A thyrotropin(TSH)-lowering effect of metformin therapy has been recently reported in patients with type 2 diabetes (T2D) and hypothyroidism. We aimed to evaluate the interplay between metformin therapy and serum TSH concentrations in a group of patients with T2D and normal thyroid function.
Patients and methods
Eight hundred and twenty-eight euthyroid patients with T2D (53% women, mean age 65·9 years, median duration of diabetes 10 years) were retrospectively evaluated. There were 250 patients on metformin treatment (30·2%). Serum concentrations of TSH were measured in all subjects.
Patients on metformin treatment exhibited significantly higher TSH levels [1·63 (1·11–2·24) mU/l] than those found in patients without metformin [1·40 (1·01–2·24) mU/l, P = 0·009]. We found no significant differences in TSH levels in patients who were on therapy with other oral antidiabetics, antihypertensive drugs or hypolipidemic agents in relation to subjects not taking these drugs. Serum TSH was significantly related to gender, body mass index, hyperlipidaemia and the presence of goitre and diabetic macroangiopathy. In multiple regression analysis with TSH as dependent variable, goitre was negatively related to TSH values. Metformin therapy was a nonsignificant variable in this model.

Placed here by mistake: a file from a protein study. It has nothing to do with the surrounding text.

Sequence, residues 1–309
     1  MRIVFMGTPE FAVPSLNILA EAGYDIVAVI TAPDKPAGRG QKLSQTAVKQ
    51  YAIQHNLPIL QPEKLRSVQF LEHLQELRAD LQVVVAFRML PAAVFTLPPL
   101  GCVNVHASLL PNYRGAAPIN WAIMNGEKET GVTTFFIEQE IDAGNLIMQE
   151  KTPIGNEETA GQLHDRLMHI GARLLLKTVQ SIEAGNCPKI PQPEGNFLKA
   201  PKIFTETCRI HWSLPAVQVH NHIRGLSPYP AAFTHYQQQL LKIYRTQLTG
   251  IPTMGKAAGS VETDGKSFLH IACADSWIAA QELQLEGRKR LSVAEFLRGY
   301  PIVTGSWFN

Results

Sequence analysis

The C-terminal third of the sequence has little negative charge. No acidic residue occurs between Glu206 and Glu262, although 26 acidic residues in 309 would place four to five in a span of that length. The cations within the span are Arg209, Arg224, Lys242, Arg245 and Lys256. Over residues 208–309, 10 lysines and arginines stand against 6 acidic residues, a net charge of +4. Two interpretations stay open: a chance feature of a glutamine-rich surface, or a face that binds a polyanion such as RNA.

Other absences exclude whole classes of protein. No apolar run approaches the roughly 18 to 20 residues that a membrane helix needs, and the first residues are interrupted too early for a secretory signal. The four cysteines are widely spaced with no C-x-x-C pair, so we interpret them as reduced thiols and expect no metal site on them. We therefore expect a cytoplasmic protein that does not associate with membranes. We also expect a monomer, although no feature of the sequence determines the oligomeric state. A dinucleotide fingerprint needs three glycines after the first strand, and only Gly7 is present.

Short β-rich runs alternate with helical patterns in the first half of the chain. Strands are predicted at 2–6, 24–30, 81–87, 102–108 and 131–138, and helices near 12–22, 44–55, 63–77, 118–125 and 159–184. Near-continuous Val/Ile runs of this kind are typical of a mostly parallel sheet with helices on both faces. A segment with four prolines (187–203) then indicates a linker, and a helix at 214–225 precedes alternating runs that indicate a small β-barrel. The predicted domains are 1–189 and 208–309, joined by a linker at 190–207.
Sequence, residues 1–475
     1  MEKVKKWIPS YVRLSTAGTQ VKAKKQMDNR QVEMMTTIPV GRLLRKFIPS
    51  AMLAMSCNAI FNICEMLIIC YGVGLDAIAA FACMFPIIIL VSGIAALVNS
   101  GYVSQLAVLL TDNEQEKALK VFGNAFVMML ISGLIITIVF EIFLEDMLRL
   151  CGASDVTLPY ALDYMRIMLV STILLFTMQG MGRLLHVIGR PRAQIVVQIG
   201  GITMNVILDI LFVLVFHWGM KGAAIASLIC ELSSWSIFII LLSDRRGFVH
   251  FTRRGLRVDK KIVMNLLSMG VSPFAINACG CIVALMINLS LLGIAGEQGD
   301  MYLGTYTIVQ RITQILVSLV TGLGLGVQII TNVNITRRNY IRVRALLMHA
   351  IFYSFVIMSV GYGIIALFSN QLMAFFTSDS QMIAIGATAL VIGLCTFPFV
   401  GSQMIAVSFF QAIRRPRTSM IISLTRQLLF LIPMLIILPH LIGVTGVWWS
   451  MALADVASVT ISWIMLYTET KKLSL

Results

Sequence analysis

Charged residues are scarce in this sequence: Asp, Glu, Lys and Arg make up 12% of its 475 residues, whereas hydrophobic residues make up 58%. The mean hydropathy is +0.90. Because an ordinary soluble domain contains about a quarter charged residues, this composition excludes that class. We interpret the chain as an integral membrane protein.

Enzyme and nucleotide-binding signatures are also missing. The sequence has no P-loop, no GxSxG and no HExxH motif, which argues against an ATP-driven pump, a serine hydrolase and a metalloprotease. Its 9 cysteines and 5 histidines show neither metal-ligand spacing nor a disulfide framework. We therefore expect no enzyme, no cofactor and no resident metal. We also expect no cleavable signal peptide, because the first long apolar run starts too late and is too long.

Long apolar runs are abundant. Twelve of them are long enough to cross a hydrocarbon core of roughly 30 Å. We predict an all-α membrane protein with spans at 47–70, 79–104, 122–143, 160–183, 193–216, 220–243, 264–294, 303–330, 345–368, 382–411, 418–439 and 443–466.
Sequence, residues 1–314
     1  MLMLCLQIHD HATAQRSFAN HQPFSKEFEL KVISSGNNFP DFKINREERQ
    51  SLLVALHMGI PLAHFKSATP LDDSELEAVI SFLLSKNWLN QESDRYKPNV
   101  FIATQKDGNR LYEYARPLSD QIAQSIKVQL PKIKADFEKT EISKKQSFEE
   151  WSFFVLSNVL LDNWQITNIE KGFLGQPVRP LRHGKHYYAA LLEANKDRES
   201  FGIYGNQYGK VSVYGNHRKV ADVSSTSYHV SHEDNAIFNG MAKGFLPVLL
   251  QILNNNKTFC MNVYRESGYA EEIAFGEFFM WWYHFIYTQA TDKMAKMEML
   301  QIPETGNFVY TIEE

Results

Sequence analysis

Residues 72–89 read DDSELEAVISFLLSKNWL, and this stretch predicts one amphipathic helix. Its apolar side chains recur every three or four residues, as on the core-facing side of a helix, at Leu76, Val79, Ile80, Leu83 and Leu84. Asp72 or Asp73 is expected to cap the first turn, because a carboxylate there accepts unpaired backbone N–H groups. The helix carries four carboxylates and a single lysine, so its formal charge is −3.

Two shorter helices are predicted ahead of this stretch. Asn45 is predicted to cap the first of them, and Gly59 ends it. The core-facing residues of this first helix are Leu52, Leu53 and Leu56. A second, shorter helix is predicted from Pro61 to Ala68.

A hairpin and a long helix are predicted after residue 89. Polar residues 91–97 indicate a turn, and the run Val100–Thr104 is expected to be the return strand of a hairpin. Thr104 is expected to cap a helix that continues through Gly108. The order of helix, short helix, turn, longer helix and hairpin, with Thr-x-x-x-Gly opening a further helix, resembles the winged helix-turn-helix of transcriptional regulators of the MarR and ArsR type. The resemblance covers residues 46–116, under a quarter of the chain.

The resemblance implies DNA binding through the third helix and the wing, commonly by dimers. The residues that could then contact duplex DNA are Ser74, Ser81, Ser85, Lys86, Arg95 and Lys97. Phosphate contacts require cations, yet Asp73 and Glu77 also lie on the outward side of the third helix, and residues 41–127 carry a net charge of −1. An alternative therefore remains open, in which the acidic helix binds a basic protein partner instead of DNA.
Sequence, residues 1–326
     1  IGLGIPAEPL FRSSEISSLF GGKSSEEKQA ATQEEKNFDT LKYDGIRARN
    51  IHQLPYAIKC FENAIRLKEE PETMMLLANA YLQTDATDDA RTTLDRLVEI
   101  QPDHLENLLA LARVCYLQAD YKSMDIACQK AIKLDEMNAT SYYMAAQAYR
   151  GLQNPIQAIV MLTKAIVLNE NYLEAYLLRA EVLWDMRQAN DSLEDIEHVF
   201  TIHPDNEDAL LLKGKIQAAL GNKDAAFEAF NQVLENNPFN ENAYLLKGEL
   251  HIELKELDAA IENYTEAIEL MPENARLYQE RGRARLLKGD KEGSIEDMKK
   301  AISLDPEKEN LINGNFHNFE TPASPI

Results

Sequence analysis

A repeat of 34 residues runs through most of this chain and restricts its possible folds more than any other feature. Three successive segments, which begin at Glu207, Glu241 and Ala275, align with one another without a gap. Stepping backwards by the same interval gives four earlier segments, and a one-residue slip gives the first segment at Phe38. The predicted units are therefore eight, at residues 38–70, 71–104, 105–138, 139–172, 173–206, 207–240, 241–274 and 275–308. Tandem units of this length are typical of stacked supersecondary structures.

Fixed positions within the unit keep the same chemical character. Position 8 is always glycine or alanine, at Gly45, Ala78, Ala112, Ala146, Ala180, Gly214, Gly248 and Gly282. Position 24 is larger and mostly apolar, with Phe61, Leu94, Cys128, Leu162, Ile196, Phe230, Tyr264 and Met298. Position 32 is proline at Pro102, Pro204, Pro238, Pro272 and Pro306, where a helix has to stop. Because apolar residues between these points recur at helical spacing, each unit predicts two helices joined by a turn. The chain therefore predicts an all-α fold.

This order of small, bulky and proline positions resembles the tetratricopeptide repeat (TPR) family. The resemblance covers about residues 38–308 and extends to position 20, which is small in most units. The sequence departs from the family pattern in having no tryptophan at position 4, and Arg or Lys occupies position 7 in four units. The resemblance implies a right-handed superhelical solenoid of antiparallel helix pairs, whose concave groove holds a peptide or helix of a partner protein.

In summary, this is the first survey analysing the relationship between metformin and thyroid function in a large cohort of patients with diabetes. Our data do not support the presence of an independent and significant relationship between TSH values and metformin treatment in euthyroid patients with T2D.